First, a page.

- But I digress: The Exploitation of Parentheses in English Printed Verse by John Lennard
Oxford, 324 pp, £35.00, November 1991, ISBN 0 19 811247 5
Fecund and jocund, well-earned and learnèd, wittily wily, But I digress is a delight and a treasure-house, alive with moving illumination and with benign warning, in short a delight-house of a book. It is the best work at once of literary criticism and of literary history I’ve read for many and many a day.
No less agile at dancing than at pouncing, the disciplined movement of mind here is never shifty and always nifty.
But before praising it to the skies (and then grounding a few objections), I need to declare an interest. John Lennard says in his acknowledgments that he is in debt to me. Nothing like as much as I (and many others to come) now stand in debt to him, but his IOU had better be spelt out. First, that in some measure he took off from a 1978 essay of mine on Geoffrey Hill’s brackets (as I called them – John Lennard proffers, by way of Erasmus, the happy term lunulae, little moons, for this mark itself, the enclosing curves within which these words of mine now come to a close). And second, that for a couple of hours a few years ago, he and I (both then stranded on foreign shores) exchanged thoughts about the ways of his thinking.
So there must be no bones made of his having been so good as to –c. –c. But my grateful pleasure in his achievement is, I assure myself, not just my reciprocated or answering good opinion (albeit lunulae are an answering punctuation, as you can’t parenthetically have the (without the)). For Dr Lennard is his own man. He shows as much by squarely reprimanding me with a square-bracketed ‘[sic]’ – or rather, as he insists, a crotcheted (and for once uncrotchety) one – for my having quoted Swift on his own death as making someone ask ‘(and what is Trumps?)’ when (ai! ai!) I should have put ‘(and what is Trumps?)’. With roman fortitude I admit my error. And, fighting back to show that nor am I his creature, I remark that Dr Lennard doesn’t know how to spell either John Livingston Lowes or Nicolas Barker (neither in any way an ass and each a famous pons asinorum); and that Dr Lennard should be ashamed of himself for having such truck with the vogue/vague words resonance, deflate, undercut, undermine, ironise, and even – grimly inescapable these days – ineluctably.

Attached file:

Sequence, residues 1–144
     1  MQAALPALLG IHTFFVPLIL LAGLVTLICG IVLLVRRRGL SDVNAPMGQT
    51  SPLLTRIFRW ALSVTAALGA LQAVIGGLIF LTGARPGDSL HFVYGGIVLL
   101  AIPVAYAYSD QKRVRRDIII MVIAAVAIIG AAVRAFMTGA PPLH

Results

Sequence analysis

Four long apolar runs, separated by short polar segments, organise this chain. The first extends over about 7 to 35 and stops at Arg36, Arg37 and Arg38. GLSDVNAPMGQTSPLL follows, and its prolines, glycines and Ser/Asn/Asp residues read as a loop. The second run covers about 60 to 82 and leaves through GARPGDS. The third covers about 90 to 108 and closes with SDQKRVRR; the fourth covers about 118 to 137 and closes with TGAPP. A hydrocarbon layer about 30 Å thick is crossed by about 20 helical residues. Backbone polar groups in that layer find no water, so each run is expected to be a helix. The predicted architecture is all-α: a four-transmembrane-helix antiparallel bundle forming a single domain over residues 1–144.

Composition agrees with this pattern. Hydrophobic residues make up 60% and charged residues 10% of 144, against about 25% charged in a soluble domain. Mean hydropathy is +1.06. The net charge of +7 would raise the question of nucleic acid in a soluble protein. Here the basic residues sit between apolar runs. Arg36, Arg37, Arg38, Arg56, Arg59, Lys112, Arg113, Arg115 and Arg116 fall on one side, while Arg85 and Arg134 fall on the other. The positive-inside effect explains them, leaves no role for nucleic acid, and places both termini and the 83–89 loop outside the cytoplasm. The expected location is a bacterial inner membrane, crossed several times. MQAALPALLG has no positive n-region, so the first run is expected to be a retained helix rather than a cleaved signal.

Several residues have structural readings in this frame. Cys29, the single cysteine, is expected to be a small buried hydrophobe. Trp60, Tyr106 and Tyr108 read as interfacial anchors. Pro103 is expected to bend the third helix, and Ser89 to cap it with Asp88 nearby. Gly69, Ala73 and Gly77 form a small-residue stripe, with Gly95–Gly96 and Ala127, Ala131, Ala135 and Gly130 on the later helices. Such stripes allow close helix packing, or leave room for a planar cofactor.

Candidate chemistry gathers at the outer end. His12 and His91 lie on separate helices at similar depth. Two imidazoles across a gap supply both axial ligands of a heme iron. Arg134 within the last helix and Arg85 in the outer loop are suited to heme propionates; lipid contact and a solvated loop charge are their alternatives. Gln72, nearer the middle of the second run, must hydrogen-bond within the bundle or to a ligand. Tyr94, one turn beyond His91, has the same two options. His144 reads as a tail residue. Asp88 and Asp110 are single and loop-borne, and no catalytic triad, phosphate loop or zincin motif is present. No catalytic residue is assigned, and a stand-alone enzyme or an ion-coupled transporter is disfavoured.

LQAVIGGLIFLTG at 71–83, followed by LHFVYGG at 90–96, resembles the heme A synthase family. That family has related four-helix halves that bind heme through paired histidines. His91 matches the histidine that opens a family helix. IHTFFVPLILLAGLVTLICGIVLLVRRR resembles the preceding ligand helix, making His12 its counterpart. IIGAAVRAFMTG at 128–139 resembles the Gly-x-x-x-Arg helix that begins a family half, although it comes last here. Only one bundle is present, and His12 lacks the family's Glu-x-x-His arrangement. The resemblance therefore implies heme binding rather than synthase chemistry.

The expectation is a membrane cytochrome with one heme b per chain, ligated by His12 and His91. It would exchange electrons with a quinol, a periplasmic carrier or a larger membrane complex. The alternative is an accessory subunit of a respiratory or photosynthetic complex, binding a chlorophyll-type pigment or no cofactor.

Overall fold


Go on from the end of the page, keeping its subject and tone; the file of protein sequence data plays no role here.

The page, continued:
So much for clean breasts.
But I digress puts its unflat foot forward at the outset: ‘this is a general, preliminary investigation of one aspect of a neglected subject – the historical development of punctuation.’ This, though mercifully not false modesty, does itself less than justice. For what is so good about the book is its imaginative co-operation of the historical with the critical, its diverse demonstration that history and criticism, though distinguishable, are not distinct. Dr Lennard shows not just independence but interdependence of mind.
Park Honan, I now know from this book, said thirty years ago that ‘we know relatively little about the history of English punctuation and still less about the history of poetic punctuation.’ Thanks to Lennard, we now know much more, and not only about the history. He is (there is one citation in the OED, 1871) an inaugurative ‘punctuationist’: ‘one who practises, studies or treats of punctuation’; and his blazing book constitutes a true tribute to the man who taught him, Dr Malcolm Parkes, who is (I gather from a footnote here) about to publish his awaited work, Pause and Effect: An Introduction to the History of Punctuation in the West.
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